The Trump administration may wish to pause and consider a more prudent path being trodden by the EU: The creation of a joint bilateral steel “platform” – in order to reach a negotiated settlement with the Chinese. In fact, the Chinese Ministry of Commerce put forward just such a position at the most recent session of the US-China Comprehensive Economic Dialogue, but it was rejected by the US side.
The Trump administration will need to tread carefully in weighing whether to specifically target China with trade penalties, such as import tariffs or quotas. The WTO multilateral trading system generally prohibits the use of import quotas or tariffs in excess of bound rates except in very limited circumstances. Where such actions are in the nature of “safeguard measures,” the WTO clearly mandates that such measures must be applied in a non-discriminatory manner to all WTO members – not just China. Across-the-board trade penalties would roil global steel markets, not just in China, but in Japan, South Korea, and Turkey as well.
China is also apparently ready to respond with retaliatory measures of its own. Senior US economist Nicholas Lardy last week emphasized that the Chinese are in a better position to withstand the pain that comes with protracted trade disputes. In recent days, the Chinese have hinted at a potential sell-off of the estimated 20% of US treasuries they hold – which could impair the US economic recovery. China is also a major market for US agricultural exports. Such US exports, especially soybeans and poultry, could be seriously impacted by Chinese retaliatory measures.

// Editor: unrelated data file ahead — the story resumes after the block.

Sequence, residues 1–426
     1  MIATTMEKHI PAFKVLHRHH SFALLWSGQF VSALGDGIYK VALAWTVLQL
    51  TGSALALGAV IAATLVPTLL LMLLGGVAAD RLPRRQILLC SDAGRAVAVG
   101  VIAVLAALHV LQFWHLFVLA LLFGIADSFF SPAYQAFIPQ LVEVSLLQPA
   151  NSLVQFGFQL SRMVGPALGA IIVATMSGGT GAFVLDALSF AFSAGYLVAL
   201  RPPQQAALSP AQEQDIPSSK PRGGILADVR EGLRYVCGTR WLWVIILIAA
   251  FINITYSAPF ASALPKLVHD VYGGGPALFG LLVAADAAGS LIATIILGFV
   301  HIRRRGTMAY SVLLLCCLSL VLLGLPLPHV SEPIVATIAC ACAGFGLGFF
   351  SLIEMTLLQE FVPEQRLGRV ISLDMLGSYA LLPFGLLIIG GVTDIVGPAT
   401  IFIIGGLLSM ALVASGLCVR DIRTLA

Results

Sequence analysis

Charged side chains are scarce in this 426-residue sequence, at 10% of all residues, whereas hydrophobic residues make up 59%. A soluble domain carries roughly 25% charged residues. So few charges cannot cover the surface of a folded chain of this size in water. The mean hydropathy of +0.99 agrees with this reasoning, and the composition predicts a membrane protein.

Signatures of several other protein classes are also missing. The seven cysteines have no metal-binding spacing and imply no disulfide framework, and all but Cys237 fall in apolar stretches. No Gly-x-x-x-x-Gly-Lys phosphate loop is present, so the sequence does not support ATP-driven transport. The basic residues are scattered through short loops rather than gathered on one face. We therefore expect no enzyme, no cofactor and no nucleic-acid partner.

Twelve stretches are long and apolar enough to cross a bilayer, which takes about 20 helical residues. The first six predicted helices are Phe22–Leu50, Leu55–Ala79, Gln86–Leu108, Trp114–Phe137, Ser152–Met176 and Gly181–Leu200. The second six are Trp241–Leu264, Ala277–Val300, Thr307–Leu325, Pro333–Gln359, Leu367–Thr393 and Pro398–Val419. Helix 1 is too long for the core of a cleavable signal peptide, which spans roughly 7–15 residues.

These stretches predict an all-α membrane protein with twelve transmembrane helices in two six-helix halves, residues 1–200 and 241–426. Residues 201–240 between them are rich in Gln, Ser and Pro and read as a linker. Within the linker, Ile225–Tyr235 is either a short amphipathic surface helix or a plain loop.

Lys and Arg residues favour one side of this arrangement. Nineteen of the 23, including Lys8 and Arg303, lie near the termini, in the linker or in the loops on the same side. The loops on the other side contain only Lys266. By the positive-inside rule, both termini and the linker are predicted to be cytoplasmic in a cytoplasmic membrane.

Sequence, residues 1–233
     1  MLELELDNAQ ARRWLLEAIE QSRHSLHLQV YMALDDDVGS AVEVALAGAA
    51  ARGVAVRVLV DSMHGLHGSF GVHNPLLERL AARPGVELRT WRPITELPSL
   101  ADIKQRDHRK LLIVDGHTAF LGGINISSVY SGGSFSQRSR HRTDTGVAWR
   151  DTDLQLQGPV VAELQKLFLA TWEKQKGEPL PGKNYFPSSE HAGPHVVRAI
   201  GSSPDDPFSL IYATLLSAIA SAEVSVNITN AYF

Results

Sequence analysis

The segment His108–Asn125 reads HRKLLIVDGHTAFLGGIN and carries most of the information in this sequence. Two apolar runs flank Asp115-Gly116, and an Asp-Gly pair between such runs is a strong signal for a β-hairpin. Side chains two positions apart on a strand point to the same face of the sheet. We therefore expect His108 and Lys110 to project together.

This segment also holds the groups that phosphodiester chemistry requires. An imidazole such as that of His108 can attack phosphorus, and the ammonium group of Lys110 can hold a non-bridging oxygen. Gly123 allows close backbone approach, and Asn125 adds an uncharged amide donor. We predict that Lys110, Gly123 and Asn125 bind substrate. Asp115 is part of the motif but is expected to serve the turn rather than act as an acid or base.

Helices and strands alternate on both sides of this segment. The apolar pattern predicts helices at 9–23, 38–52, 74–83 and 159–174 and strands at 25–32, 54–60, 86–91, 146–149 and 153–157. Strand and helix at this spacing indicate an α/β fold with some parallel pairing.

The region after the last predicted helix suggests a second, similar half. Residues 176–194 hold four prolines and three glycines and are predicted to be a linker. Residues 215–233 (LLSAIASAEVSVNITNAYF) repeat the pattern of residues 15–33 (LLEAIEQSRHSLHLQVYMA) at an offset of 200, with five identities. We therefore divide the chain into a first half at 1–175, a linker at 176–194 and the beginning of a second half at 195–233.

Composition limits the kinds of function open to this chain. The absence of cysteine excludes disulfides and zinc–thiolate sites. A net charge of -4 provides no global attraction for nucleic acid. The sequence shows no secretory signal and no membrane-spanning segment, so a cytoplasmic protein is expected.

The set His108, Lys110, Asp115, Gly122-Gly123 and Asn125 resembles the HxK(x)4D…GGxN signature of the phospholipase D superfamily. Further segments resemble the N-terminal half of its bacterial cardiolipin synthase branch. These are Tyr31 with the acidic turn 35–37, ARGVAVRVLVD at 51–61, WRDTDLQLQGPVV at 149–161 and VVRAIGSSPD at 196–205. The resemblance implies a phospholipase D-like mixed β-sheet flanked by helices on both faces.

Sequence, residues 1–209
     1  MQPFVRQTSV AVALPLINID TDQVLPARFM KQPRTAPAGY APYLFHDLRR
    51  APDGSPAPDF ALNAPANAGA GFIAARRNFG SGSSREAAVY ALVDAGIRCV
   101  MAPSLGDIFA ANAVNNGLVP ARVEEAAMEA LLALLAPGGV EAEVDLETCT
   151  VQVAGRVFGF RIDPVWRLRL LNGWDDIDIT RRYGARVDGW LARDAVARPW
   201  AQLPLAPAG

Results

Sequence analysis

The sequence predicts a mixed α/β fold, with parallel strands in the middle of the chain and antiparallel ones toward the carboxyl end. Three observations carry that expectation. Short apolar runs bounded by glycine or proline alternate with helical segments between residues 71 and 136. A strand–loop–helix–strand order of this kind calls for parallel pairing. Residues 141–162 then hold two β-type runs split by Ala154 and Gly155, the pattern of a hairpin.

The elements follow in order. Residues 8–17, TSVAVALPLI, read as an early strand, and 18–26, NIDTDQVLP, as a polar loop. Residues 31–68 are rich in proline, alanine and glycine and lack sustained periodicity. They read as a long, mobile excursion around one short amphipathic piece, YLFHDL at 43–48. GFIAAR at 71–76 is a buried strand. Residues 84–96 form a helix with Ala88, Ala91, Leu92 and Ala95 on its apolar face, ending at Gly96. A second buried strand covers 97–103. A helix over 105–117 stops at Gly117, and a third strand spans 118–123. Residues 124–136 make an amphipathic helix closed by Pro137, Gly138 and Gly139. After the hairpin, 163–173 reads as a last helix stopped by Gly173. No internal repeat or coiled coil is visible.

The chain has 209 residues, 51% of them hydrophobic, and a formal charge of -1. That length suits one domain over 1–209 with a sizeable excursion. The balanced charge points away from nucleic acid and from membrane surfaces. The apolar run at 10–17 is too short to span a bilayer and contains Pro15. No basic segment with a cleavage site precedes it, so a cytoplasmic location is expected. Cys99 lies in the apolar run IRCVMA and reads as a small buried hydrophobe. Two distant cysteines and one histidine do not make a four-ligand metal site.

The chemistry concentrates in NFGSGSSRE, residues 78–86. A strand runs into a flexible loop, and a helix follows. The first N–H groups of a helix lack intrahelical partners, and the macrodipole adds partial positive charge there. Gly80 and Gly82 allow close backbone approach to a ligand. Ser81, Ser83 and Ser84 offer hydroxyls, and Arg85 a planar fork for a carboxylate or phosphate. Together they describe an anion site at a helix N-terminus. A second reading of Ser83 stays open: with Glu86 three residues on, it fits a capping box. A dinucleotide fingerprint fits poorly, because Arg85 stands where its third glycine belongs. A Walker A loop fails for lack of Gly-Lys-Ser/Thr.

There are also extremely sensitive, real US national security interests at stake. With the 2018 Winter Olympics in South Korea looming next month, North Korea (the DPRK) continues to pose an immense regional security risk to East Asia. As President Trump has acknowledged, China has firmly demonstrated its support for US policies and the imposition of UN economic sanctions. This is reflected in China’s current trade statistics – China’s imports from North Korea (the DPRK) fell by 33% in 2017.
The better way forward for the US and China is through continuing trade negotiations, deeper collaboration, and reciprocity – including improved market access via the US-China BIT negotiations. Likewise, Chinese companies, such as Huawei, should be afforded more opportunities to contribute to American job growth through investment and simply doing business in the US. Similarly, China should extend a helping hand to US businesses to participate in BRI projects, including through the provision of better information related to public procurement processes.
(The author is an Adjunct Professor at the University of San Francisco School of Management and a Research Fellow of the Beijing-based Center for China and Globalization (CCG). In the fall of 2017, he was a visiting professor at the University of International Business and Economics (UIBE) School of Law in Beijing.The article reflects the author's opinion, and not necessarily the views of CGTN.)